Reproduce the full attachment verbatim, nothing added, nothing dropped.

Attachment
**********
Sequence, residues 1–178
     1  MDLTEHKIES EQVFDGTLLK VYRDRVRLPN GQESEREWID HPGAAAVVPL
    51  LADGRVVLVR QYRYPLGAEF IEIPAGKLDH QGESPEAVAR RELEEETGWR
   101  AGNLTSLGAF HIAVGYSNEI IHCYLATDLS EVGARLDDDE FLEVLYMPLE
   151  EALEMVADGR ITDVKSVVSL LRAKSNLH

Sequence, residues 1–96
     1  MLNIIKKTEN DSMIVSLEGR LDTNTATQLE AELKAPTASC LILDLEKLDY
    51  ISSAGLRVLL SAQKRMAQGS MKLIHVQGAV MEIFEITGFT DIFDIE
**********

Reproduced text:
Sequence, residues 1–178
     1  MDLTEHKIES EQVFDGTLLK VYRDRVRLPN GQESEREWID HPGAAAVVPL
    51  LADGRVVLVR QYRYPLGAEF IEIPAGKLDH QGESPEAVAR RELEEETGWR
   101  AGNLTSLGAF HIAVGYSNEI IHCYLATDLS EVGARLDDDE FLEVLYMPLE
   151  EALEMVADGR ITDVKSVVSL LRAKSNLH

Sequence, residues 1–96
     1  MLNIIKKTEN DSMIVSLEGR LDTNTATQLE AELKAPTASC LILDLEKLDY
    51  ISSAGLRVLL SAQKRMAQGS MKLIHVQGAV MEIFEITGFT DIFDIE